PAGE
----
Ellenbrook mother Lee-Ann Hill said she would not pay a speeding fine she received that claimed she was in a 50km/h zone on Henley Brook Avenue near Edgecombe Pass.
Ms Hill said the speed camera was 1km up Henley Brook Avenue, near the roundabout at Millhouse Road.
She said the location on the infringement was not correct.
“You can clearly see there are two signs on the road that say 60km/h,” she said.
“I got caught doing 62.
“But I received a fine for $200 and two demerit points that said the limit was 50km/h, which is wrong.”
WA Police confirmed the radar was at the location Ms Hill claimed, but said the reference to the cross street of Edgecombe Pass did not refer to the exact location of the camera.
“It is a reference point which is used should there be multiple pre-determined speed camera locations on the same road,” a spokesperson said.
“It does not matter if there are other streets in between as it is a reference point, and not the exact location.”
Ms Hill’s complaint on Facebook has received a big response from other motorists who also received allegedly incorrect fines.
Ellenbrook business owner Cilla Fahey-Gilmour said the same camera also snapped her on February 9.
One fine she got in the mail alleged she was travelling at 60km/h, meaning a fine of $200 and two demerit points.
“I’m not disputing the fact I was speeding. I’m disputing the information, it’s contradictory,” she said.
“Don’t give me a fine saying I was in a different location with a different limit and expect me to pay it.”
Ms Fahey-Gilmour said she contacted local police and Main Roads immediately after she received the fine.
“Main Roads said the limit there (near Edgecombe Pass) is 60. So why does my fine say the limit was 50 then?” she said.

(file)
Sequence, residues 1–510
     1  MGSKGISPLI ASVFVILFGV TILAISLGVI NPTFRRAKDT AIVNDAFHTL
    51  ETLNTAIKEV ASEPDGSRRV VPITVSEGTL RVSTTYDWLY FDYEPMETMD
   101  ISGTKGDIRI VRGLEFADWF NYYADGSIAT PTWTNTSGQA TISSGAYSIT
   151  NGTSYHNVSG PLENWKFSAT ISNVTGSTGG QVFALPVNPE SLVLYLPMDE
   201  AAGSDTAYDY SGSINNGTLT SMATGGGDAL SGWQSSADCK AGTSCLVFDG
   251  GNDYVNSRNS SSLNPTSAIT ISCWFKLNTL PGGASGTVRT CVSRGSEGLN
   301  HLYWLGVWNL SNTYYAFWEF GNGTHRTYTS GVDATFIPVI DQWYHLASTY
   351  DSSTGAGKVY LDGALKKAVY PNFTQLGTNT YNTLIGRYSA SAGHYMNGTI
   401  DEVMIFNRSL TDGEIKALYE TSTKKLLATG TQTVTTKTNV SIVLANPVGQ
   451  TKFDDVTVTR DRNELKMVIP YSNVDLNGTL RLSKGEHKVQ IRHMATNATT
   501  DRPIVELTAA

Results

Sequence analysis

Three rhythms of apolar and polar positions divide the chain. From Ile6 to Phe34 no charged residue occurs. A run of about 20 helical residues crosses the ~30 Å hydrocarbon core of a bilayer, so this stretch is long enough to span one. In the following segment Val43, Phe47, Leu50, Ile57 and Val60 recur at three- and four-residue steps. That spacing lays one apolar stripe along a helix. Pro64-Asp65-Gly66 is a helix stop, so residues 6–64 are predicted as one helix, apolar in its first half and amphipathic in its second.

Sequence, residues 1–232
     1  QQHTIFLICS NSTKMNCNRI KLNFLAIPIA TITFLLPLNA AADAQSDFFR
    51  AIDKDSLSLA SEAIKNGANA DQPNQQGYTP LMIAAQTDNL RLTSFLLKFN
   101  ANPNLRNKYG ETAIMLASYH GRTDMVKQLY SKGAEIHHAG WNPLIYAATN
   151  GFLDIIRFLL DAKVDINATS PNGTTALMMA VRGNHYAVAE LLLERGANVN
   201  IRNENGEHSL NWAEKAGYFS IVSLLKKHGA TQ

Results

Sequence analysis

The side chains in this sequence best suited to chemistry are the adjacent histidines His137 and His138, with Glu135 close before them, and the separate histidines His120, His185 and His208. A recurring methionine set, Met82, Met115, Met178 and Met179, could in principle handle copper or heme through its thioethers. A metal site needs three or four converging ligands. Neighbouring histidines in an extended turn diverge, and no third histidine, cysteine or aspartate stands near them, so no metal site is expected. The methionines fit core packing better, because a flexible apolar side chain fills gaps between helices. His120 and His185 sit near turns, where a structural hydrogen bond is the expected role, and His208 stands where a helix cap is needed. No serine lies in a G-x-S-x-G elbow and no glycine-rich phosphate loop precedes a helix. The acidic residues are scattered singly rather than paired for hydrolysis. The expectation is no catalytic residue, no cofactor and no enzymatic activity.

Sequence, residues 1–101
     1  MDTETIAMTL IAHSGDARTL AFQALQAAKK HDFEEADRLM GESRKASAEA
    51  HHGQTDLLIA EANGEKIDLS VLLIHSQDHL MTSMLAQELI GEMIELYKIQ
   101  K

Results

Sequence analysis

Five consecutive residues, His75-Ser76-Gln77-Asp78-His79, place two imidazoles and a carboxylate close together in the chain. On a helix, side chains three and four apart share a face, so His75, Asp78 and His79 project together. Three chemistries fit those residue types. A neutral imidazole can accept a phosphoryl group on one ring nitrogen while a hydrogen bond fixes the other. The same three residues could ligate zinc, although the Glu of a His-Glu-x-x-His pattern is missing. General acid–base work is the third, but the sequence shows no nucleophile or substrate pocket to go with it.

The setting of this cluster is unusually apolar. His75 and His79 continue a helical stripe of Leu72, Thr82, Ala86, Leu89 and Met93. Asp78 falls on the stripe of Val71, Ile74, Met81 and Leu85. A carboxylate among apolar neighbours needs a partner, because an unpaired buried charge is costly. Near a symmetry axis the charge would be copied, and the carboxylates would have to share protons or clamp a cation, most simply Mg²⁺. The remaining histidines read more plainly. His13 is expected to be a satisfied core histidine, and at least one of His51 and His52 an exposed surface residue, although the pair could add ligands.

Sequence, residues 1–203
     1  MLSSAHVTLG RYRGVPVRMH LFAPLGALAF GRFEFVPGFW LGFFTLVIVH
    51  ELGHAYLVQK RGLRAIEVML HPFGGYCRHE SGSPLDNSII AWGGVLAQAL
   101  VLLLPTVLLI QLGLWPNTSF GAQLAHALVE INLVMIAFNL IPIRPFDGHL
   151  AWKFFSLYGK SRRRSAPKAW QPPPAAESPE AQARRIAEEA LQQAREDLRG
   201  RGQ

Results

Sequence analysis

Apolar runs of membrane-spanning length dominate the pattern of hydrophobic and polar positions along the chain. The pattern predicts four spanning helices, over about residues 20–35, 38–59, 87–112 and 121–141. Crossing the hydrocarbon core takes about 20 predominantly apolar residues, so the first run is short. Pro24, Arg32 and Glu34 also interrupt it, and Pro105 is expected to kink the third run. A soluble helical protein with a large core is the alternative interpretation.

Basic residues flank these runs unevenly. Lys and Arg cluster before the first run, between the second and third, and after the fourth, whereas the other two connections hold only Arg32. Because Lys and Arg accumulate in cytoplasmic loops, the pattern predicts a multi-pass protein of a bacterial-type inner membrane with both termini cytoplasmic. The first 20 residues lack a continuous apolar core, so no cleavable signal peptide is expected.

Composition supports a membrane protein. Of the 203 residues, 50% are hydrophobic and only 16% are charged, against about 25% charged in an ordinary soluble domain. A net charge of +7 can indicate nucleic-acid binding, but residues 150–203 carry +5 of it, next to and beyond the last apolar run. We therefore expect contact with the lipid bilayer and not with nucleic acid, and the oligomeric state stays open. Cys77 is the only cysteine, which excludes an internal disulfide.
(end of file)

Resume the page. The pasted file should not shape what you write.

Ms Hill said she also was not fighting the fact she may have been speeding, but that the fine was incorrect.
Ellenbrook resident Rachel Mahe received two fines in the mail from that location and that day, half an hour apart.
“I’ve got two fines with a total of $400 and four points, when I was only doing 2km/h over the limit (at Edgecombe Pass) in one and 4km/h over in the other,” she said.
Ms Mahe said it was an example of revenue raising.
“The sad thing is a lot of people will just pay it,” she said.
“But they’re being exploited.”
Ellenbrook fly-in, fly-out worker Justin Rob also said he received an incorrect ticket and would fight the matter too.
A spokesperson for WA Police confirmed the speed limit near Edgecombe Pass was 50km/h.
“The speed limit in that section of road is the state default for a built up area, being 50km/h.”
Main Roads said the speed limit on the northern section of Henley Brook Avenue was 50km/h from the posted signs, just prior to the roundabout.
Police Minister Liza Harvey also said the location on the ticket did not matter.
“If you don’t speed, you won’t get caught,” she said.
All residents involved said they had written to the Infringements Department as instructed by WA Police and were awaiting a response.
n Were you caught by the same speed camera? If so, email The Advocate at email@example.com.